The envy of the world

Millions believed this about the NHS, writes Dalrymple. The slogan, he says,

was last wheeled out in any force in 2008 for the 60th anniversary of its founding.

He asks:

Who were the people doing the envying — not just one or two of them, but en masse? It is no doubt true that immigrants from very poor countries were pleased enough to receive care under the NHS, comparing it with what they would have received at home. But is it really much of an achievement for a developed country to have healthcare better than that in Somalia or Bangladesh?

Dalrymple points out that it never occurred to those who repeated the slogan

to look to comparable countries across the Channel or North Sea to see whether those countries had anything to envy. In fact, between 1948 and 1975, even Spain under Franco performed better in the matter of improving the health of the population than did Britain. In most respects Britain limped behind other countries.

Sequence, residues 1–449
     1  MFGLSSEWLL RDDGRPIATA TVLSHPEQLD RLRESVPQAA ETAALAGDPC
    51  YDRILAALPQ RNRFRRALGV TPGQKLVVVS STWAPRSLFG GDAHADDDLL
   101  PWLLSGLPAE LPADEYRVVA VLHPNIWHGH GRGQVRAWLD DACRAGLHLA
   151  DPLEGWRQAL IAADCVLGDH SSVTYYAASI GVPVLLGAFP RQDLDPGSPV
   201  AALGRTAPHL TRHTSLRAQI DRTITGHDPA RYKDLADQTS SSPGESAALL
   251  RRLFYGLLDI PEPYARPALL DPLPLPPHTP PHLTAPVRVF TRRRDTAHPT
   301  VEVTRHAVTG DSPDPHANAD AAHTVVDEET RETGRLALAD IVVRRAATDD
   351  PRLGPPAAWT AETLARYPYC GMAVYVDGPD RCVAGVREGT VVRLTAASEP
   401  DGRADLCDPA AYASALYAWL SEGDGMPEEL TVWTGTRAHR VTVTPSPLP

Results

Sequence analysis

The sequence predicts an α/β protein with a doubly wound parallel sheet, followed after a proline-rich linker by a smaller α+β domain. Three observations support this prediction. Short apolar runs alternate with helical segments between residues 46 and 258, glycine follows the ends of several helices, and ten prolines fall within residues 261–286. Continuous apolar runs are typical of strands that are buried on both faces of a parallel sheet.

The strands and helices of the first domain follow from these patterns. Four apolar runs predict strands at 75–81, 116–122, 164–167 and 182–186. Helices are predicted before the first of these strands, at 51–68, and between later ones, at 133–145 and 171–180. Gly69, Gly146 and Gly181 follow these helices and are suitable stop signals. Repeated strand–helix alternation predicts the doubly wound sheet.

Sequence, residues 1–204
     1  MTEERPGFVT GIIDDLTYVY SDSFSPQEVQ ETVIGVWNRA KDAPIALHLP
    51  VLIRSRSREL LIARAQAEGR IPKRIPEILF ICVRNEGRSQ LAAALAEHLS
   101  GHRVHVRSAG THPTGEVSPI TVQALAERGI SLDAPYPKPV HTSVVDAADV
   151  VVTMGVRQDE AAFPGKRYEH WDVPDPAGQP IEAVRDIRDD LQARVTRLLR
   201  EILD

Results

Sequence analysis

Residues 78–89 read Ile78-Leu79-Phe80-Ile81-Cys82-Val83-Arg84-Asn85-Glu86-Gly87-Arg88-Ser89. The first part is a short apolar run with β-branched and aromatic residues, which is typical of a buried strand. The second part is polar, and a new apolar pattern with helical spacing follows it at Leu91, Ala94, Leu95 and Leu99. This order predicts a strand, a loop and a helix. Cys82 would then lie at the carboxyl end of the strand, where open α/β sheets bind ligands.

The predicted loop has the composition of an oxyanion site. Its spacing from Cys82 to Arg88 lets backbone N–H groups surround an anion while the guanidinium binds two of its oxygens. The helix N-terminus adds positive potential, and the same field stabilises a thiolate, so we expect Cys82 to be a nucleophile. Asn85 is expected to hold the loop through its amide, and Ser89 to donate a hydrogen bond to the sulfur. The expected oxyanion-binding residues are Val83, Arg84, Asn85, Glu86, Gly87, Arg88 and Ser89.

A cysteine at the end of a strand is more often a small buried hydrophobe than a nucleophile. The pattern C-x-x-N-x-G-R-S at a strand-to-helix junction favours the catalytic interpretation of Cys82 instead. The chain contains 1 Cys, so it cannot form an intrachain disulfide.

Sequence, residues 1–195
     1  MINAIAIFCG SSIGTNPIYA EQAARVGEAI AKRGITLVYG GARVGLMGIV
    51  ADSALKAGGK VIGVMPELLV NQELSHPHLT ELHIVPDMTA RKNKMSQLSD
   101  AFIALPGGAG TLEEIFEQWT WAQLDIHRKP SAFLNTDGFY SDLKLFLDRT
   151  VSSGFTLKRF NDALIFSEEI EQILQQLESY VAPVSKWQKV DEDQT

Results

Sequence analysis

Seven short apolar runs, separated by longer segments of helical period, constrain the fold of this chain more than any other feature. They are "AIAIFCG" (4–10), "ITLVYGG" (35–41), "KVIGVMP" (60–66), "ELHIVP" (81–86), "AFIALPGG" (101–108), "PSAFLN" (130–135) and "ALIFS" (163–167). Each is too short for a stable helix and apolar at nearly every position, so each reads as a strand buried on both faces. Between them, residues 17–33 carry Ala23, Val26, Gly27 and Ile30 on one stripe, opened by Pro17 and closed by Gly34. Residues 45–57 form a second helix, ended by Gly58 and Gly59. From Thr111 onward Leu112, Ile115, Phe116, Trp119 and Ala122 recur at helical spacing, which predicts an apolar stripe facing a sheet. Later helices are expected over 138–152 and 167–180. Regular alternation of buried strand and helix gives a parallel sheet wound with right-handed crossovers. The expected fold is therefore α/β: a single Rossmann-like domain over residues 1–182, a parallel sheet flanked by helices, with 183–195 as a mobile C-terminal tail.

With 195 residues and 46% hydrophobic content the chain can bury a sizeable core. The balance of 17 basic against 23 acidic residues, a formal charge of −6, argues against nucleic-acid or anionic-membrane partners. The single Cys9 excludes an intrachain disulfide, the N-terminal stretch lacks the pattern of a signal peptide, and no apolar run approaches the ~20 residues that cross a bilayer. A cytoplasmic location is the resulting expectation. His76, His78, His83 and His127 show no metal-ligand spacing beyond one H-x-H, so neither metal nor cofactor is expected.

The statistics, he notes,

are not favourable to the NHS if one chooses reasonable standards of comparison, namely other European countries. The results are not disastrous, but they are not good. The NHS has failed even in its egalitarian goal: the gap between the health of the richest and poorest in society has only grown under its dispensation.

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